18 August 2019, Writing – part x869, Writing a Novel, Changing World and Truth
Announcement: Delay, my new novels can be seen on the internet, but my primary publisher has gone out of business—they couldn’t succeed in the past business and publishing environment. I’ll keep you informed, but I need a new publisher. More information can be found atwww.ancientlight.com. Check out my novels–I think you’ll really enjoy them.
Introduction: I wrote the novel Aksinya: Enchantment and the Daemon. This was my 21st novel and through this blog, I gave you the entire novel in installments that included commentary on the writing. In the commentary, in addition to other general information on writing, I explained, how the novel was constructed, the metaphors and symbols in it, the writing techniques and tricks I used, and the way I built the scenes. You can look back through this blog and read the entire novel beginning withhttp://www.pilotlion.blogspot.com/2010/10/new-novel-part-3-girl-and-demon.html.
I’m using this novel as an example of how I produce, market, and eventually (we hope) get a novel published. I’ll keep you informed along the way.
The four plus one basic rules I employ when writing:
- Don’t confuse your readers.
- Entertain your readers.
- Ground your readers in the writing.
- Don’t show (or tell) everything.
4a. Show what can be seen, heard, felt, smelled, and tasted on the stage of the novel.
- Immerse yourself in the world of your writing.
These are the steps I use to write a novel including the five discrete parts of a novel:
- Design the initial scene
- Develop a theme statement (initial setting, protagonist, protagonist’s helper or antagonist, action statement)
- Research as required
- Develop the initial setting
- Develop the characters
- Identify the telic flaw (internal and external)
- Write the initial scene (identify the output: implied setting, implied characters, implied action movement)
- Write the next scene(s) to the climax (rising action)
- Write the climax scene
- Write the falling action scene(s)
- Write the dénouement scene
I finished writing my 29th novel, working title, Detective, potential titleBlue Rose: Enchantment and the Detective. The theme statement is: Lady Azure Rose Wishart, the Chancellor of the Fae, supernatural detective, and all around dangerous girl, finds love, solves cases, breaks heads, and plays golf.
Here is the cover proposal for Blue Rose: Enchantment and the Detective.
The most important scene in any novel is the initial scene, but eventually, you have to move to the rising action. I am continuing to write on my 30thnovel, working title Red Sonja. I finished my 29th novel, working titleDetective. I’m planning to start on number 31, working title Shifter.
How to begin a novel. Number one thought, we need an entertaining idea. I usually encapsulate such an idea with a theme statement. Since I’m writing a new novel, we need a new theme statement. Here is an initial cut.
For novel 30: Red Sonja, a Soviet spy, infiltrates the X-plane programs at Edwards AFB as a test pilot’s administrative clerk, learns about freedom, and is redeemed.
For novel 31: Deirdre and Sorcha are redirected to French finishing school where they discover difficult mysteries, people, and events.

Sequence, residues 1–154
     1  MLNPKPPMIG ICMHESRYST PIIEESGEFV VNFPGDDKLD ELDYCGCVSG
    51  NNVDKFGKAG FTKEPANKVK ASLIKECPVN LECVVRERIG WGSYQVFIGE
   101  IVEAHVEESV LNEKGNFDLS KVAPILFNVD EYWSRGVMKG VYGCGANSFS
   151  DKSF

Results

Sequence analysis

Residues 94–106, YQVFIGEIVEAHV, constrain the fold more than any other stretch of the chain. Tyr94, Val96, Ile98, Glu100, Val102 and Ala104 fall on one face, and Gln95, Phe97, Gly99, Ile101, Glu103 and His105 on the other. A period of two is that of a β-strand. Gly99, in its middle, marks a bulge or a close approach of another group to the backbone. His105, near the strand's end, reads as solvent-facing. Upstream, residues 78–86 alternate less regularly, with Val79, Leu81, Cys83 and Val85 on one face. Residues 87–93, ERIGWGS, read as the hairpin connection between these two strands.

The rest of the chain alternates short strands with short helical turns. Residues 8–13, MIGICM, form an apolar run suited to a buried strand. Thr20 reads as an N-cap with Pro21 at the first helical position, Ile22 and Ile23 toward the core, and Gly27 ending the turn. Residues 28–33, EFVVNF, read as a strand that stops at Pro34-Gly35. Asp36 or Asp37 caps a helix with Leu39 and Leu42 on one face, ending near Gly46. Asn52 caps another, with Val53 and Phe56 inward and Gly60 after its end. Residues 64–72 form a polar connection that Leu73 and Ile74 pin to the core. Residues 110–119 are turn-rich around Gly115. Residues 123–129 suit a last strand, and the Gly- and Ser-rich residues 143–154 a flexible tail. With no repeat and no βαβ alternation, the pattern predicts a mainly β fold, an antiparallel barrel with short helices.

Here is the scene development outline:
- Scene input (comes from the previous scene output or is an initial scene)
- Write the scene setting (place, time, stuff, and characters)
- Imagine the output, creative elements, plot, telic flaw resolution (climax) and develop the tension and release.
- Write the scene using the output and creative elements to build the tension.
- Write the release
- Write the kicker
Today: Why don’t we go back to the basics and just writing a novel? I can tell you what I do, and show you how I go about putting a novel together. We can start with developing an idea then move into the details of the writing.
To start a novel, I picture an initial scene. I may start from a protagonist or just launch into mental development of an initial scene. I get the idea for an initial scene from all kinds of sources. To help get the creative juices flowing, let’s look at the initial scene.
- Meeting between the protagonist and the antagonist or the protagonist’s helper
- Action point in the plot
- Buildup to an exciting scene
- Indirect introduction of the protagonist
The protagonist is the novel and the initial scene. If you look at the four basic types of initial scenes, you see the reflection of the protagonist in each one. If you noticed my examples yesterday, I expressed the scene idea, but none were completely independent of the protagonist. Indeed, in most cases, I get an idea with a protagonist. The protagonist is incomplete, but a sketch to begin with. You can start with a protagonist, but in my opinion, as we see above, the protagonist is never completely independent from the initial scene. As the ideas above imply, we can start with the characters, specifically the protagonist, antagonist or protagonist’s helper, and develop an initial scene.
Let’s look at a subject that is really ignored in the modern era. I’m not certain how much this can help your current writing. I would argue that theoretically, this subject can really help those who write historical and futuristic fiction. It depends on how your write your historical and futuristic fiction. There are two ways to write historical fiction—let’s look at this.
The first and most common way to write historical fiction is to write a novel that projects modern ideas and history as historical ideas and history. In other words to present modern ideas and historical ideas as the same. I think this is perhaps the most egregious and perverse means of presenting a false view of history. The author is either completely ignorant of the past, is intentionally attempting to education people in a false view of history, or both. The real historical world is very different both culturally and socially from our current world. The true author attempts to convey this in historical writing.
The second and less common means of historical writing is to actually incorporate the past into a novel to convey the actual way people thought and acted in the past. This approach actually goes back into time to give a complete view of the way the people thought and acted. To this end, let’s look at how the world changed and how people thought in the past. This is more of a historical look at the world for the purpose of understanding how the world worked in the past and how people thought and acted. We’ll use historical information to see what concerned affected their lives. Here is a list of potential issues. We’ll look at them in detail: